4 we must include the cost of the wager to the specific horizon as is expressed in our equation. Finally, the actual expected growthoptimal fraction formula should incorporate multiple, simultaneous propositions. The Kelly Criterion solution is therefore merely a subset of this more generalized formula, and represents only the asymptote to the special case where it is applicable. Presented here is the formulation for N multiple, simultaneous propositions at a horizon of Q trials, for all potential propositions. The solution is presented in the context of the N + 1 dimensional leverage space manifold where, for each of the N components, a surface bound between f{0, 1} along each axis represents the fraction allocated to that individual proposition. G(f 1,...f N ) Q = n Q ( ((( x=0 Q N Q (1 + ( f i ( (a i,k C i )/w i )))) 1) p k )) (1.1) q=1 i=1 where: Q = the horizon. N = the number of components in the portfolio. n = the number of possible outcomes in the outcomes copula. k = int(x/(n (Q q) ))%n. a N,n = the N x n matrix of outcomes in the outcomes copula. p n = the nlengthed vector of probabilities associated with each n in the outcomes copula. w N = the worst case outcome of the all discrete outcomes associated with each of the N components. C i = The one period opportunitycost of the risk in component i, per [13]. This is explained further, below. Note k is a function of the iterators x and q, returning a specific zero thbased row in the outcomes copula. The drawdown constraint or other risk constraint as proposed in [11, 12] for a given Q can be employed upon the surface mapped by this equation in the leverage space manifold. To compute the amount to allocate to replicate the percentage to allocation to a given individual proposition, i for a given f i : q=1 f$ i = w i /f i (1.2) Then for a given equity amount, the number of units to assume of component i to represent wagering f i percent: NumberOfUnits i = equity/f$ i (1.3) 4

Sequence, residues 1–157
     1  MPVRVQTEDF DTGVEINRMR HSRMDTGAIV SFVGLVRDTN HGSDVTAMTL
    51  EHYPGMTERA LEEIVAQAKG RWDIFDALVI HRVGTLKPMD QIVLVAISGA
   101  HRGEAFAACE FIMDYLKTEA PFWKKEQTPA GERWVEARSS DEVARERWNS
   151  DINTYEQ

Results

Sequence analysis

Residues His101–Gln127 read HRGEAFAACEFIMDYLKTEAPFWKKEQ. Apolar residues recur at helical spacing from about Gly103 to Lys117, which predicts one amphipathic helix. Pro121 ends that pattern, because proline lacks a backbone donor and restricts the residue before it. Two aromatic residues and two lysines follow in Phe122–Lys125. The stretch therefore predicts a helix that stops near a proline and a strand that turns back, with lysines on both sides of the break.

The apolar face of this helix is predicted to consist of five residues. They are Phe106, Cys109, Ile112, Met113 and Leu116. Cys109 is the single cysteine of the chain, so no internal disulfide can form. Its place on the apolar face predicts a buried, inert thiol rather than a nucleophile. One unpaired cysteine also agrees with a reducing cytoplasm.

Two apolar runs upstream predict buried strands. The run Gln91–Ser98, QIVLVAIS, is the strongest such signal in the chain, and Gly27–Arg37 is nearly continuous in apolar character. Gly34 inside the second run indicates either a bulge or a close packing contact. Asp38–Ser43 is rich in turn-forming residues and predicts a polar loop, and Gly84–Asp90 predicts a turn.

5 The one period opportunitycost of the risk in component i, used in (1.1) as C i, is given in [13]: C i = exp(rt)s i S i d i (1.4) where: r = the current riskfree rate. t = the percentage of a year for one period to transpire. d i = dividends, disbursements or costs (negative) assosiated over one period with one unit of the ith component. S i = The maximum of {f$ i, regulatory (i.e. margin) requirement of the ith component} where: f$ i = the amount to allocate to replicate the percentage to allocation to a given individual proposition, i for a given f i as given in (1.2) We examine how to collect the data for determining the surface in leverage space at a given Q. Assume we have two separate propositions we wish to engage in simultaneously. For the sake of simplicity, suppose one is a coin toss paying 2:1, where we win with a probability of.5, and the other, a flawed coin paying 1:1 where we win with a probability of.6. We create the copula to use as input from this data: Coin 1 (a 1 ) Coin 2 (a 2 ) Probability (p) We note here that the number of components, N, is two since we have two separate, simultaneous propositions. The number of rows, n representing the space of what can happen for each discrete interval, is 4. w, the worstcase outcome for each N, each column, is 1 for both Coin 1 and Coin 2. To see the equation graphically, consider that for the first interval, the possible outcomes are represented by the table. For the second interval, each node from the first interval now further branches by the number of rows in the table such that at a given period, q toward a horizon, Q, we have n q nodes. The formula can thus account for dependency by permitting the probabilities for the various rows in the copula to change at each subsequent interval based on the previous outcome(s) along a given branch being traversed. The equation represents the surface in the leverage space manifold for given Q, f 1,...f N. This surface represents what one would expect in terms of return, as a multiple on equity, 5